Monaco brought home just what a game of mental strength Formula 1 fundamentally is. It's an often-overlooked but critically important part of the game.
After qualifying, Mark Webber sat in the central press-conference seat, reserved for the pole winner, beaming positive energy. His team-mate Sebastian Vettel sat to his left, only third quickest and clearly deeply disappointed, his whole manner downbeat, the usual sunny disposition just not visible. It was the beginning of his process of rebuilding himself, after a team-mate has taken the same car and - for the second consecutive weekend - driven it quicker.
Vettel's not used to this, he has historically had a small but decisive edge over Webber on raw speed. It didn't compute. He would be poring over the telemetry later, trying to understand. Being the bright guy and ferocious competitor that he is, those lessons will undoubtedly be incorporated.
So next time, Vettel will come out feeling stronger, more confident. Which, if he happens next time to be quicker than Webber, will feed off itself. That confidence will have justified itself, the inner belief reinforced and the building blocks of his performance will quickly reassemble. But that confidence can equally make you vulnerable - because if you come in so full of it, yet your team-mate again goes quicker, then it potentially undermines that whole delicate construct, and it can fall quicker than it can be built back up again.
Webber's been far from immune from the same process in the past. It's as if he has sometimes had so much competitive desire, wants it so badly, that he has put too much pressure on himself. He's not one to sit back and wait, is a formidable competitor and will always want to take the initiative. That combination has sometimes caused him to overstrive and we saw it most recently during his home grand prix, when each impetuous move put him further down the field than the last, until eventually he crashed, furious and frustrated that a winnable race had been taken from his grasp, initially by circumstance, later by his own reactions to that. His focus and control over himself seemed to have temporarily deserted him.
That Zen-like state, where you find the calm eye of the storm that constantly rages between your ambition and possibility, is where the racing driver needs to place himself - right on the edge of it. It seems so natural and easy when you find it - like you couldn't fall out of it if you tried - but infuriatingly elusive when you can't.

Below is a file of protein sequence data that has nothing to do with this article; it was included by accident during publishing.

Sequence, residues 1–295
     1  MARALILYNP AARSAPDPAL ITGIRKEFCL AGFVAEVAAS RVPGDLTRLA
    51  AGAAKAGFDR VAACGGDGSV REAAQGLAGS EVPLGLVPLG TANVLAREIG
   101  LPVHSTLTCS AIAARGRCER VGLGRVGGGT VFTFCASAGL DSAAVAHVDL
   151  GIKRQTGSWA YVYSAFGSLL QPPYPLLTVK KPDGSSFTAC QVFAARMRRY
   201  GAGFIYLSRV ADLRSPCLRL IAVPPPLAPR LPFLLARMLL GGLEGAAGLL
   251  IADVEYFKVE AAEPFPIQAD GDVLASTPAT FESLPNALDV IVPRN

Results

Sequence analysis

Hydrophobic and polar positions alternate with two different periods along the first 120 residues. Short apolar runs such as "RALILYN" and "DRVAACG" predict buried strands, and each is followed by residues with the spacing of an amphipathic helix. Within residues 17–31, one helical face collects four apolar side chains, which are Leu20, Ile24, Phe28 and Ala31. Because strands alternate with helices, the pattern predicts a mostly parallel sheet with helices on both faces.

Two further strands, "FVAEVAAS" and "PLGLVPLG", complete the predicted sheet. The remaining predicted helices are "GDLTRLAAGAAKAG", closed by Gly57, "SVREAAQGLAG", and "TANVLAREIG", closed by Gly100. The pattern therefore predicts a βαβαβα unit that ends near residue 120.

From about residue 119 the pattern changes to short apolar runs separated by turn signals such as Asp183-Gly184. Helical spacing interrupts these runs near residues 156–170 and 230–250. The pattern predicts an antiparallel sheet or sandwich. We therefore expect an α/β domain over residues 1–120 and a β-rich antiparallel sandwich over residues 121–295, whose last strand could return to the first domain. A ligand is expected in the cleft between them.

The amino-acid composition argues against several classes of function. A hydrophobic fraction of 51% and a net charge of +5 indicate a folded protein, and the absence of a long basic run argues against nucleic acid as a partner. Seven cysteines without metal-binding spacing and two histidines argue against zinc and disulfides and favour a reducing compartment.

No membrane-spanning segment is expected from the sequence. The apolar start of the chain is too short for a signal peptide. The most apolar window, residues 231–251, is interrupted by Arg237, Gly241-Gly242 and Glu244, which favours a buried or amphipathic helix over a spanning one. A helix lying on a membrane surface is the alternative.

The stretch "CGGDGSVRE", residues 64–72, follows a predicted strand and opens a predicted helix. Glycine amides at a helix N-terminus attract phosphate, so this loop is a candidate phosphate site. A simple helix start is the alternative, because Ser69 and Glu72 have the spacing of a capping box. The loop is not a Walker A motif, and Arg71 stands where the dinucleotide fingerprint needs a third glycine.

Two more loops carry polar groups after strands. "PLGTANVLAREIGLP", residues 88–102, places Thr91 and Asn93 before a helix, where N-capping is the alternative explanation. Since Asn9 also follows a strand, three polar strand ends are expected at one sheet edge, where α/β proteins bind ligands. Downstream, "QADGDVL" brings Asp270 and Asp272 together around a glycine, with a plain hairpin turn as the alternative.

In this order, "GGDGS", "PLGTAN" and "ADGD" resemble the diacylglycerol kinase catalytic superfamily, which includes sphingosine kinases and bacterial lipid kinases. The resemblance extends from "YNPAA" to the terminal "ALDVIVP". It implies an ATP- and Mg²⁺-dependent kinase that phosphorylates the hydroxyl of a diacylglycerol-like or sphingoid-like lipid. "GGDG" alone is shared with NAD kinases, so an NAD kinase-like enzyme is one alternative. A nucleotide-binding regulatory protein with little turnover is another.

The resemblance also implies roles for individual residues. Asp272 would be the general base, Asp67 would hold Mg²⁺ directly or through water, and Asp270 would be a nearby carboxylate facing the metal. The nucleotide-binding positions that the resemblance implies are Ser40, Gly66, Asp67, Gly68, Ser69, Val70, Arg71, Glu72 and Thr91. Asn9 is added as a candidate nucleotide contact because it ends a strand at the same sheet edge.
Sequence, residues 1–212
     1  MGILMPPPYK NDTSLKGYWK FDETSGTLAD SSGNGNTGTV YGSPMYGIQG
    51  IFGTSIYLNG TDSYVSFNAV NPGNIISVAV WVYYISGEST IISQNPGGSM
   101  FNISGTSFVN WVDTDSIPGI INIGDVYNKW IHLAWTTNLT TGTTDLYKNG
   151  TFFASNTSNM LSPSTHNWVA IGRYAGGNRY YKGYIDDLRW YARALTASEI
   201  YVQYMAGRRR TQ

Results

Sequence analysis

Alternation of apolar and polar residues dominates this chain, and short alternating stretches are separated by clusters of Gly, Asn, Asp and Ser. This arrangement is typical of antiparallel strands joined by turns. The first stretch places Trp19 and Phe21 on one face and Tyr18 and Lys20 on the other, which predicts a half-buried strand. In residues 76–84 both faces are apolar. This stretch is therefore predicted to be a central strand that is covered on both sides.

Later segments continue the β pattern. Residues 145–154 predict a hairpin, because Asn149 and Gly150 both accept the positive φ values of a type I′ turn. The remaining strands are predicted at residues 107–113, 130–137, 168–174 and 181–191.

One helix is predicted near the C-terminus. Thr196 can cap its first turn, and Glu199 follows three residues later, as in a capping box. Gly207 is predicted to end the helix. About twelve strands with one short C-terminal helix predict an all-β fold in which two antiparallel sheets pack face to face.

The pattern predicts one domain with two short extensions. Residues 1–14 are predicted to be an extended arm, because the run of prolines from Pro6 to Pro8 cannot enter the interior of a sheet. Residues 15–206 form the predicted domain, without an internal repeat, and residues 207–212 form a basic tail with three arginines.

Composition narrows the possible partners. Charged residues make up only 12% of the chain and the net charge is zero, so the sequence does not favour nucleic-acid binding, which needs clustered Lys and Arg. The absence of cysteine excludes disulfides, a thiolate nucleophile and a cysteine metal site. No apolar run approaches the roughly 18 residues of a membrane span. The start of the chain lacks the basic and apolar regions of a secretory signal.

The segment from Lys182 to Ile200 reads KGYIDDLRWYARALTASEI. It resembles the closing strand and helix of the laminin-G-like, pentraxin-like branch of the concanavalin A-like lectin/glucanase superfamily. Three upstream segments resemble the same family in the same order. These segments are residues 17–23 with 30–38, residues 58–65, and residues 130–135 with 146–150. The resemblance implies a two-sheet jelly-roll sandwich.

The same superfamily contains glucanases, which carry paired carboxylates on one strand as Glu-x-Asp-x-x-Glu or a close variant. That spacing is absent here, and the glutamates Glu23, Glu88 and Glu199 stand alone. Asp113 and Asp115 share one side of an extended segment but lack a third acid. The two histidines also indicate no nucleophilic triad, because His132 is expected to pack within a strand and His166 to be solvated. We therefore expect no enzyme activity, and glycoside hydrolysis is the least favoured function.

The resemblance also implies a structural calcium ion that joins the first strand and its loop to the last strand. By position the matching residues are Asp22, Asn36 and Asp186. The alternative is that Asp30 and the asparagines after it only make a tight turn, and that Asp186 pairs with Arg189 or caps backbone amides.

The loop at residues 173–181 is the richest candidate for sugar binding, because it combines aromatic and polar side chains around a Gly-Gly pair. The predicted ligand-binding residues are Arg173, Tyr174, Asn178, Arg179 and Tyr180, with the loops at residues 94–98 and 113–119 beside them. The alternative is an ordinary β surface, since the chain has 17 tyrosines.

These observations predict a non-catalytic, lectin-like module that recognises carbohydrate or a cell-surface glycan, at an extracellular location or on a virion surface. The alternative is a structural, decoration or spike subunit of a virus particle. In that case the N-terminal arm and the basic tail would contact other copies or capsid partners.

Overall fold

The parallels between that state of equilibrium and the one between confidence and overconfidence are not coincidental. They run together, feed off each other and ultimately merge. It brings a state not so much of blind confidence, but realistic acceptance of how you can fail and how you're prepared for it. That's what makes you truly formidable.
After seven years of being quicker than his team-mates, Webber last year finally came up against one who was slightly quicker. But impressively, it didn't destroy him. He calmly accepted the situation, set about rebuilding himself, finding a way in which he could still compete with Vettel. So on those days, like Nurburgring last year, when he did beat him, it was doubly satisfying and strength-giving. He had that experience to fall back upon when he didn't get this season off to a good start. He simply regrouped again and delivered a devastating performance in Spain, with the air of someone who now knows how to win. But he'd never put a sequence together, a significant further step in the psyche of the game. Sunday in Monaco cured that.
If you were looking for the perfect example of a driver effortlessly in that zone in Monaco, it was surely Robert Kubica. Slicing up close to the barriers, committing to that accuracy with his entry speed, he was breathtaking. On his first flying lap of Q3 he was four seconds faster than anyone. The previous day Fernando Alonso had looked almost as good, audacious in his braking, car giving him all the messages he likes, pumping him up yet further, ready to push yet harder, go yet faster. Bang! The clang and crunch of wheel hard against barrier could have been the sound of all that confidence dissolving into the Monaco sky.
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